I first read about the Pontcysyllte Aqueduct back in the 1960s in a book I had borrowed from the local library about one man's travels around Britain in a narrowboat. It was probably Narrow Boat by L T C Rolt but the name meant nothing to me back then.
Ever since then I have wanted to experience the thrill of steering a boat along the narrow trough with the towpath on one side and the unguarded drop to the River Dee 126 ft (38 m) below on the other.
Alas it was not to be, and I had to settle for the view from the cabin of the tripper boat that runs from Llangollen Wharf.
However, returning later in the day and walking across was almost as good. If not better as I could take my time and stop to admire the view.
The aqueduct takes its name from the old stone bridge, the Pont Cysyllte (from the Welsh meaning the Bridge at Cysyllte - a township of Llangollen), a little way to the west and much lower down.
Competed in 1805, the aqueduct was designed by Thomas Telford under the supervision of William Jessop. It is the longest aqueduct in Great Britain and remains the highest canal aqueduct in the world.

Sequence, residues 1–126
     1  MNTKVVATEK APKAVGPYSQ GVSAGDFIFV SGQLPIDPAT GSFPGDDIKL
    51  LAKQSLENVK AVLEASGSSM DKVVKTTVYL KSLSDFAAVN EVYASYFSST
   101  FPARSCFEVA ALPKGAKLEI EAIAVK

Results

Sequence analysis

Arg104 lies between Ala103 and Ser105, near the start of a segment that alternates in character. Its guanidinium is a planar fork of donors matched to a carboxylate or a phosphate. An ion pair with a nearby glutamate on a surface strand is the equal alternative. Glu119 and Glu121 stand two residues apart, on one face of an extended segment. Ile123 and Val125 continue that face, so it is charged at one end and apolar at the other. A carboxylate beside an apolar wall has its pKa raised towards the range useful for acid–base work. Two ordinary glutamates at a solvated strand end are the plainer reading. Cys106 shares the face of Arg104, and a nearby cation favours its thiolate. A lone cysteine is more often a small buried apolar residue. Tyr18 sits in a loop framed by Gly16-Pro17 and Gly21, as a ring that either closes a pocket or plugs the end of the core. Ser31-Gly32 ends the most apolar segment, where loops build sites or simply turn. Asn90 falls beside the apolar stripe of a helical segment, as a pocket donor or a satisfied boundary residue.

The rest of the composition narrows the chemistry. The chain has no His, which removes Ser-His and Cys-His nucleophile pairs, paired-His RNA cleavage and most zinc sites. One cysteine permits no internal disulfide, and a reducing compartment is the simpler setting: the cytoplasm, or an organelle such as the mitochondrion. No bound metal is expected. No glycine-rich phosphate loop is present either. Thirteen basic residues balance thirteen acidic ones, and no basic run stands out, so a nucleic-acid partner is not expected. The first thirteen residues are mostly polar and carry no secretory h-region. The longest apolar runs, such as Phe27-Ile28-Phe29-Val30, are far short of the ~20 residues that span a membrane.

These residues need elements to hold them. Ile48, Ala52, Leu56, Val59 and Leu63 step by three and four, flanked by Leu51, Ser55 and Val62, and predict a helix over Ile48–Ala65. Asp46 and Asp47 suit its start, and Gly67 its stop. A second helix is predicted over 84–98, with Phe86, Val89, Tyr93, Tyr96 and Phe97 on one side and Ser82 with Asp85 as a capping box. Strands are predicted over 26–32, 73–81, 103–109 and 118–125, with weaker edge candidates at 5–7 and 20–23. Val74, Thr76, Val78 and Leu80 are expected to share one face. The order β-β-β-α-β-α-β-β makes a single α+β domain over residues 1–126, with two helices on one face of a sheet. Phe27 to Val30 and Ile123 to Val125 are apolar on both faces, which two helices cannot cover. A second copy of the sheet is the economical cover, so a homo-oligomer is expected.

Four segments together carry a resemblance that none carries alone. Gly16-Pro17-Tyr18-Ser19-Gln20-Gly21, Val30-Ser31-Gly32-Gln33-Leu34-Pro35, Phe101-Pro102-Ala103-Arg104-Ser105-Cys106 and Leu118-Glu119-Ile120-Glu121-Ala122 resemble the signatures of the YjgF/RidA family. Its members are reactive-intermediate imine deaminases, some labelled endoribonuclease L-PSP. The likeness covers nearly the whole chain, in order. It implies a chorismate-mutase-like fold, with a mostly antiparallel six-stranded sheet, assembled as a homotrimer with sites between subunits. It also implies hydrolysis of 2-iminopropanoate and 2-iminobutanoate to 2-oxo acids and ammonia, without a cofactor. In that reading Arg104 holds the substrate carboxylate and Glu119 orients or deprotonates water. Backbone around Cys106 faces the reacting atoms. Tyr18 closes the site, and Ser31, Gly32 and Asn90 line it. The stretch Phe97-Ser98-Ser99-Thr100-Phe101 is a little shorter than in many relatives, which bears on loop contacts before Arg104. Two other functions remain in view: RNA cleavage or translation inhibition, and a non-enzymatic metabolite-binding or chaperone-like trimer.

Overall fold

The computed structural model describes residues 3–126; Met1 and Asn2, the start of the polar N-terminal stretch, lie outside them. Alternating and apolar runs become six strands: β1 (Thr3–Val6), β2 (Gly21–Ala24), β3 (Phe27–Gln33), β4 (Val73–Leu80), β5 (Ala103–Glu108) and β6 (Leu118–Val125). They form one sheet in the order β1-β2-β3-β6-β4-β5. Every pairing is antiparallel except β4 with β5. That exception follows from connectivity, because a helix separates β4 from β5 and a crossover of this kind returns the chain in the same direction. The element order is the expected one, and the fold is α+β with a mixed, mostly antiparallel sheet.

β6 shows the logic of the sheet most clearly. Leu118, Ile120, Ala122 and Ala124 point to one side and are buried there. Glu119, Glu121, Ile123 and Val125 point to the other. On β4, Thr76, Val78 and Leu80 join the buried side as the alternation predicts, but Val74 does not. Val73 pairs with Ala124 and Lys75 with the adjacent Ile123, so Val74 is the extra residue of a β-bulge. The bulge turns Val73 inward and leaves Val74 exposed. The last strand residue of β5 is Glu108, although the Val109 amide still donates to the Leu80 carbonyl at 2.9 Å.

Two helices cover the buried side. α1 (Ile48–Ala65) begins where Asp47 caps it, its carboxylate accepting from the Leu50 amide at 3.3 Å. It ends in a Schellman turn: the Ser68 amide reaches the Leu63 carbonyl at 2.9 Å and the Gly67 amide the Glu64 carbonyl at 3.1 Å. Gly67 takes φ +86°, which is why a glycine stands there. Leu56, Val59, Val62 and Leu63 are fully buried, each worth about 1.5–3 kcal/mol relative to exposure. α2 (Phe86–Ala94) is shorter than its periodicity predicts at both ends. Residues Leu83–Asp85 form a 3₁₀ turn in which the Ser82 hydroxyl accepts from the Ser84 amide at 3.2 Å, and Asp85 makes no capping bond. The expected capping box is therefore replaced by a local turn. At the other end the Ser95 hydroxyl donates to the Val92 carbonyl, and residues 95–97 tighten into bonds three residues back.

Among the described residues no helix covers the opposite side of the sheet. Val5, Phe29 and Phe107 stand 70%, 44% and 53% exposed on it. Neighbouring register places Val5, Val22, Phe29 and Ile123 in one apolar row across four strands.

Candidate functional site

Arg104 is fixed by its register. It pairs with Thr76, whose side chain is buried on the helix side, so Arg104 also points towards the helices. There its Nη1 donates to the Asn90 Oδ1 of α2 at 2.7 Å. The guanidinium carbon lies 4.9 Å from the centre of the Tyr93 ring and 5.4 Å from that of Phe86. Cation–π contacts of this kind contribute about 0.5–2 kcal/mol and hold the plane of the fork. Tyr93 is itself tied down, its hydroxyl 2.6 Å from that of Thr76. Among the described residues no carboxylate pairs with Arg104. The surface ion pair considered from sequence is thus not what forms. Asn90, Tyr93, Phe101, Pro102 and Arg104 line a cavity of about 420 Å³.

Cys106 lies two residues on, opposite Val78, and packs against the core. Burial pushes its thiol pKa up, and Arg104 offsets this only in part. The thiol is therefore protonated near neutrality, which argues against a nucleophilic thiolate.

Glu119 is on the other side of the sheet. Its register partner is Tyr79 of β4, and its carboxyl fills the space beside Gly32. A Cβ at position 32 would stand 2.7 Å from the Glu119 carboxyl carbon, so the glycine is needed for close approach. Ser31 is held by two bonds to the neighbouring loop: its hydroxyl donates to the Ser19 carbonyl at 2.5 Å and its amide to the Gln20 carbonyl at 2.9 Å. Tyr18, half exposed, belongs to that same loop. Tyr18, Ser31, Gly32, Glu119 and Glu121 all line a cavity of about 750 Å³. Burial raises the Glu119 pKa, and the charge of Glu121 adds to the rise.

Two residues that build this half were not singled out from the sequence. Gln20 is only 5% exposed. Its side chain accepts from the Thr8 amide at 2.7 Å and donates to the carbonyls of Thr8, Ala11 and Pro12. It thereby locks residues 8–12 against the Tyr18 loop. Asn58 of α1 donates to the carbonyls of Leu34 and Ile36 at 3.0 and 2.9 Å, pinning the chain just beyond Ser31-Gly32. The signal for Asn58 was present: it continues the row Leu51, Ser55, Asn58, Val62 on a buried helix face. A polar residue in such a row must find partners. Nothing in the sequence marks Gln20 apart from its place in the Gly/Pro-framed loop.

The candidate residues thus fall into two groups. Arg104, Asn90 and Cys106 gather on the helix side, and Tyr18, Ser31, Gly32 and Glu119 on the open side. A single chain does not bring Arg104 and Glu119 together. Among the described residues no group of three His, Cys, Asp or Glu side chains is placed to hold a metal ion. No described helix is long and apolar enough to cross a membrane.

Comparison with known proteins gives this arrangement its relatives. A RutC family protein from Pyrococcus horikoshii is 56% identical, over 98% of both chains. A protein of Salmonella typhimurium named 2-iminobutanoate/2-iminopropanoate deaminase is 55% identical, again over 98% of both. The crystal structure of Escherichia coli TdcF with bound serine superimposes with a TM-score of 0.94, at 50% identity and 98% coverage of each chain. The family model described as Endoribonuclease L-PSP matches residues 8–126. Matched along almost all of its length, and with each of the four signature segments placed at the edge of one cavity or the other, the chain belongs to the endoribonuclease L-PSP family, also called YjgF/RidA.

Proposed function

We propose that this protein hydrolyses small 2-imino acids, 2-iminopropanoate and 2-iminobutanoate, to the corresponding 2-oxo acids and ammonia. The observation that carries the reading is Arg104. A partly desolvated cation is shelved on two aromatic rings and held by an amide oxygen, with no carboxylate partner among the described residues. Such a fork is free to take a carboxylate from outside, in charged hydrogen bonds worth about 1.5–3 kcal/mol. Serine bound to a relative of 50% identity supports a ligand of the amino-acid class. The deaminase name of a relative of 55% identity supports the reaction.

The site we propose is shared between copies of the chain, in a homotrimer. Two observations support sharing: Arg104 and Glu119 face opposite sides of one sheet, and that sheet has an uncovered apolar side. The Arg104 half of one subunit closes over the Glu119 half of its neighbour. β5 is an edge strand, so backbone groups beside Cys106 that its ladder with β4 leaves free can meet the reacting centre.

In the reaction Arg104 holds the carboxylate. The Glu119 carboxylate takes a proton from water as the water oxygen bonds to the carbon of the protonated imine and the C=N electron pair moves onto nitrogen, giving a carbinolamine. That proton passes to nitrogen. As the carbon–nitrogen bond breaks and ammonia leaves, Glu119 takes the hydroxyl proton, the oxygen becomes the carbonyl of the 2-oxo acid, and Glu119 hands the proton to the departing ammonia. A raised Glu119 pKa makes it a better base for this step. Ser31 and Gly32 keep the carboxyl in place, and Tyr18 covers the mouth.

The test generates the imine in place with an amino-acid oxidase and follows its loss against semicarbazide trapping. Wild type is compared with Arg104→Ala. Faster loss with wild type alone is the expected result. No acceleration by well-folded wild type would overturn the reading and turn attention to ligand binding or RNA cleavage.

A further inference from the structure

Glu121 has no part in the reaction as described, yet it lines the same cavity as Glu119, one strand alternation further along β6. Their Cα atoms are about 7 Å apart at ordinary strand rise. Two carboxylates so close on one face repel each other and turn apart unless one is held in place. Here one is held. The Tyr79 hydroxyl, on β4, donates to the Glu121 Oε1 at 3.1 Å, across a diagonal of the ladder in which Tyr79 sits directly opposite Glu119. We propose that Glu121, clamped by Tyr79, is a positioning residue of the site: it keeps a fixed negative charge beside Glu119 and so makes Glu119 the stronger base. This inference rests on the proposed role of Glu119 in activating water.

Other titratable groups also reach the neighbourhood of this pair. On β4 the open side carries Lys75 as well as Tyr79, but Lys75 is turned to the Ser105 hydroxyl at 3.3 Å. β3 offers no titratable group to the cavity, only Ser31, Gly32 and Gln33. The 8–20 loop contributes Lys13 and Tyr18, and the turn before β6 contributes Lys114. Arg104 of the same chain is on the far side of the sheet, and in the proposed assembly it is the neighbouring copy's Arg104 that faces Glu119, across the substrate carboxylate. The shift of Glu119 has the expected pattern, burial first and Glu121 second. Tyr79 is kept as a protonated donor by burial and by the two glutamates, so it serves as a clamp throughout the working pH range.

It was the final act in an attempt to build a canal from Ellesmere in Shropshire to a new settlement called Ellesmere Port on the River Mersey. Work commenced from both ends, but funds ran out shortly after completing the aqueduct and the middle section was never built.
The canal, originally known not unsurprisingly as the Ellesmere Canal, was rebranded the Llangollen Canal by the British Waterways Board in the 1980s.
With no funds available to complete the canal, the southern section was left short of water. So in 1808 a narrow navigable feeder was built from a weir on the River Dee on the other side of Llangollen. This met the original line of the canal at right-angles at the Trevor (Trefor) Basin at the north end of the aqueduct.
The term "falls" is a bit misleading to say the least. To say that the elegantly curved 140 m (460 ft) long weir, lacks the grandeur of its namesake on the Canadian side of the Niagara river, is an understatement.
Given that the weir was built in 1808 at about the same time as the boundary between the United States and Canada was being established, I can't help wondering if the term Horseshoe Falls started out as an ironic nickname.
Given that the Llangollen feeder canal is only about half the width of a normal canal, it is only right that Llangollen Wharf is equally diminutive.
Consisting of little more than a small warehouse (now home to the Tea Rooms), the wharf is these days the base for horse-drawn boat trips along the feeder, and the motorised boat trip across the Pontcysyllte Aqueduct.